Yes I liked this story, yes there was a huge power imbalance between the characters and occasionally it did feel a little awkward, but at the same time the author pointed these things out and amde the characters very firmly strong, I was rooting for the characters.
When scullery maid, Rose Nightingale, mended a red dress in the Gentlemen's Club Vitium et Virtus from one of the entertainers there, she couldn't resist trying it on, and dancing. Her dancing attracts the attention of one of the owners of the club, Jacob "Jake" Duke of Westmoor, who has inherited a title and guilt about his inheritance. The two share a kiss and he's entranced and she's interested but the power dynamic...
He finds out who she is and offers her a job as his grandmother's companion, living under the same roof leads to more complications.
It's a nice romance, some minor issues, but mostly the author addresses them. The ending felt a little rushed.
This is a novella that was originally published in the anthology Daughters of a Nation.
I read this for square 7 (International Human Rights Day) as it takes place in Harlem (in 1917) as the state of New York prepares to vote in the November elections, especially the amendment to the state constitution giving women the right to vote. Bertha is a business woman running her own restaurant/night club/whorehouse and is working hard to help the suffragettes get the vote. She also has to fight off some men who were former clients when she was selling sex now that she is widowed. Her dead hubby wasn't a great guy and there is no lingering grief going on....seems Bertha saw it as much of a business decision as anything else in her life. Bertha wants the right to vote so that she can help her fellow women business owners and her girls, pretty much every woman who are often overlooked or mistreated. She also has to contend with the vice squads that are bringing down the hammer on clubs like hers due to selling sex and race mixing. I liked Bertha as a boss lady and teacher (she taught civic classes to her girls and other people when the club was closed so that those that can (or will soon be allowed to) vote can do so with a foundation of knowledge.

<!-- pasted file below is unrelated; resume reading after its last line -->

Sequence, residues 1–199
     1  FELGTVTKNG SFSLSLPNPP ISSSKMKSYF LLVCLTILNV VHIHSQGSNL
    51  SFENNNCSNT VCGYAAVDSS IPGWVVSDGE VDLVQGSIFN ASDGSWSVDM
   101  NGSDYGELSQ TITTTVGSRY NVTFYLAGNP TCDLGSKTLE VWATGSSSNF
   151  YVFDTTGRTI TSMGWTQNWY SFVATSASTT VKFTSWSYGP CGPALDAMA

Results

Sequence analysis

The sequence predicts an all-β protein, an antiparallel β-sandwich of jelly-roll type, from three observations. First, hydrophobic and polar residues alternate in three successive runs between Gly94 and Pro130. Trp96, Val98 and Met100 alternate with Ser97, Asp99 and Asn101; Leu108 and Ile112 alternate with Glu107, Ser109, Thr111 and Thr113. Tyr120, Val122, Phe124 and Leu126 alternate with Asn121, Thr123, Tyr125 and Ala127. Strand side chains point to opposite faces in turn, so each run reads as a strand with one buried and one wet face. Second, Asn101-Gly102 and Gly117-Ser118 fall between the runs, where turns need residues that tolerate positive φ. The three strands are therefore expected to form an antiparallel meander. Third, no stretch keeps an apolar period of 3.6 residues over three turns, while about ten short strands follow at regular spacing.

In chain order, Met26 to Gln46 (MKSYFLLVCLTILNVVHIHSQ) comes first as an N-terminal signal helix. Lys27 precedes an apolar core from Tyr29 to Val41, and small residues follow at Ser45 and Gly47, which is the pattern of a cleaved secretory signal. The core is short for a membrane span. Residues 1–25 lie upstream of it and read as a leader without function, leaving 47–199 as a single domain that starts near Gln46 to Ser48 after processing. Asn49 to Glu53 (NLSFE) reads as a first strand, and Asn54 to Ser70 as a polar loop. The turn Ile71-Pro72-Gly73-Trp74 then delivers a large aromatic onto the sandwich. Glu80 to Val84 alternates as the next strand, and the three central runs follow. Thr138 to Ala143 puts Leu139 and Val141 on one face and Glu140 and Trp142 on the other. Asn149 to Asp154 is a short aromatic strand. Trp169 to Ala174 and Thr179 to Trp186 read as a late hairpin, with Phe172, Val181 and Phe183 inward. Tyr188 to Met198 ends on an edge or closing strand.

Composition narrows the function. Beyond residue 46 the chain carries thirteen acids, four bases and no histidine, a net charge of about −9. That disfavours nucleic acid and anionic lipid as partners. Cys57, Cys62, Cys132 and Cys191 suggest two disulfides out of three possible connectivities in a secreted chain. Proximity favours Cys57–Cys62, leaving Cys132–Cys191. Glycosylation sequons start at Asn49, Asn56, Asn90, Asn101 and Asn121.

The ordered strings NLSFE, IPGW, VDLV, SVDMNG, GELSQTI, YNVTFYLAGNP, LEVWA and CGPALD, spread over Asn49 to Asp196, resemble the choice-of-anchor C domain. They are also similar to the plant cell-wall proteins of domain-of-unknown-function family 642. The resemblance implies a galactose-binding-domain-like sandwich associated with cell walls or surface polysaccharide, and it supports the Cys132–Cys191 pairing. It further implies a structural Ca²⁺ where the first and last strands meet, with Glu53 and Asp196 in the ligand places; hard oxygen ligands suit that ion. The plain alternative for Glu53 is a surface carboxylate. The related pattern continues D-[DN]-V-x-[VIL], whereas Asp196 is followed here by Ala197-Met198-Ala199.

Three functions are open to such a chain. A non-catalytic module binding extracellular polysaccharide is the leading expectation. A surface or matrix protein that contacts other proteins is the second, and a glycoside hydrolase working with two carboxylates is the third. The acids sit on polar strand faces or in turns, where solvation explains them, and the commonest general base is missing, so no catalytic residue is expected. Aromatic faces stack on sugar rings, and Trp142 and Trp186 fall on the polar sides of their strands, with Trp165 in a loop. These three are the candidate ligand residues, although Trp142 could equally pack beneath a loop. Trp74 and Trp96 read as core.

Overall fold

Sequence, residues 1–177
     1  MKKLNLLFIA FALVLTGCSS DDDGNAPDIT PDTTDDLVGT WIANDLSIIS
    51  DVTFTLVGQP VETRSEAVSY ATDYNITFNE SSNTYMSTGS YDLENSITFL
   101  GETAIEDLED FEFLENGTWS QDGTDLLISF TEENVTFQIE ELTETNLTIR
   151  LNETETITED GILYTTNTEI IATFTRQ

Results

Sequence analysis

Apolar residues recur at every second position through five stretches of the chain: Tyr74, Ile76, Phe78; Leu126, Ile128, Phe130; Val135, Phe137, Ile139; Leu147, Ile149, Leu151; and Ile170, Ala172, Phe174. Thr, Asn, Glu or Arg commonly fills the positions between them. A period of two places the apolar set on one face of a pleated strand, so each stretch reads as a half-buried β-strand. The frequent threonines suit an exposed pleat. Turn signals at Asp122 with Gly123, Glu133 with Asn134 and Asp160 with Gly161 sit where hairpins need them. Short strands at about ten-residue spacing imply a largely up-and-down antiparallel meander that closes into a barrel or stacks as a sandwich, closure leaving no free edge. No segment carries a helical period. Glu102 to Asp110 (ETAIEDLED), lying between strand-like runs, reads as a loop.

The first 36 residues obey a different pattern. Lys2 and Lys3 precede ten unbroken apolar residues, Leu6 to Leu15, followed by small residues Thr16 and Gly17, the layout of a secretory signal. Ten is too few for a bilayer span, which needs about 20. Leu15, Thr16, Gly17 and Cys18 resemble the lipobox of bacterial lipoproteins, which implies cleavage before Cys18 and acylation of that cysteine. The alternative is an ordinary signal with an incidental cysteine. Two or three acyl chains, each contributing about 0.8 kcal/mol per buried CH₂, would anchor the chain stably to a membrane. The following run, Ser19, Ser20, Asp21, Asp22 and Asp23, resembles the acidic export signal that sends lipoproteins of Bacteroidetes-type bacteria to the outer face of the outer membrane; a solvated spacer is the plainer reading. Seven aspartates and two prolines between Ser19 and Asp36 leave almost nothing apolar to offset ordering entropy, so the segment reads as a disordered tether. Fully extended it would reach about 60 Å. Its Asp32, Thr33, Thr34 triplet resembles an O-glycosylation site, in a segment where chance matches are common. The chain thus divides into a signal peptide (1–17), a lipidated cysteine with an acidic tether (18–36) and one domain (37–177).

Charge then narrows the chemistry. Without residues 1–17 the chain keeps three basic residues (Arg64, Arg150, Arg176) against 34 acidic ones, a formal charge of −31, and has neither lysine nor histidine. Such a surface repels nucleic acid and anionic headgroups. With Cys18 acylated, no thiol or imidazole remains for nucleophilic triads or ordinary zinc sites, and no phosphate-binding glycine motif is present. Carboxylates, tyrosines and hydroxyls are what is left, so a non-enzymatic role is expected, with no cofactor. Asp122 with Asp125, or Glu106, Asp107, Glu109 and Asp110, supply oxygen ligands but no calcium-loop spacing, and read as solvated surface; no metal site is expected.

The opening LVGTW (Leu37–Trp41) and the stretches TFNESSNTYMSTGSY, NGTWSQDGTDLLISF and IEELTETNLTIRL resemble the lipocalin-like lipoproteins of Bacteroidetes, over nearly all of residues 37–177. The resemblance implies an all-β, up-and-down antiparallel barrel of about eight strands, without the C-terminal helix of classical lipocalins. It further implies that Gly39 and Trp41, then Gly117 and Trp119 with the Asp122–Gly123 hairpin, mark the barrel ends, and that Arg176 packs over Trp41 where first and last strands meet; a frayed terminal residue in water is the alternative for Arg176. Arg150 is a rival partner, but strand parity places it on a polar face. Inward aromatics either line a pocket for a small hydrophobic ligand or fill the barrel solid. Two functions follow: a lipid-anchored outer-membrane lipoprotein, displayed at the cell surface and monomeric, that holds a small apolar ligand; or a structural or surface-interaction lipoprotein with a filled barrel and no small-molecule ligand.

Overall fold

Amir left the British navy as a cook hoping for a more stable and socially upward mobile life in America. Unfortunately he has only met with brick walls and is just trying to survive. He is unsure if he wants to return to Bengal and live as a farmer under British rule or keep surviving in America. He has no papers, so staying out of law enforcement's grasp is a daily reminder he is Other. Bertha needs another cook to help/sub for her club's cook who is mightily pregnant. Amir has political/community organizing, along the lines of labor unions, but Bertha's lessons open him up to refining his political beliefs. I really liked Amir and his friends/roommates, especially Syed. I also like how Amir is identified as a Muslim, first in the dialog between him and Bertha and then later on while he was praying for her safe return from jail.
The characters were great, the setting and issues of the day were well written, but the romance sucked. I did believe they had sexual chemistry, but not an emotional connection. Bertha acted like a cold bitch to Amir several times and every time he apologized but she never admitted she was out of line. Maybe if the story was longer, there would be more time for Bertha to open up to Amir the way he did with her.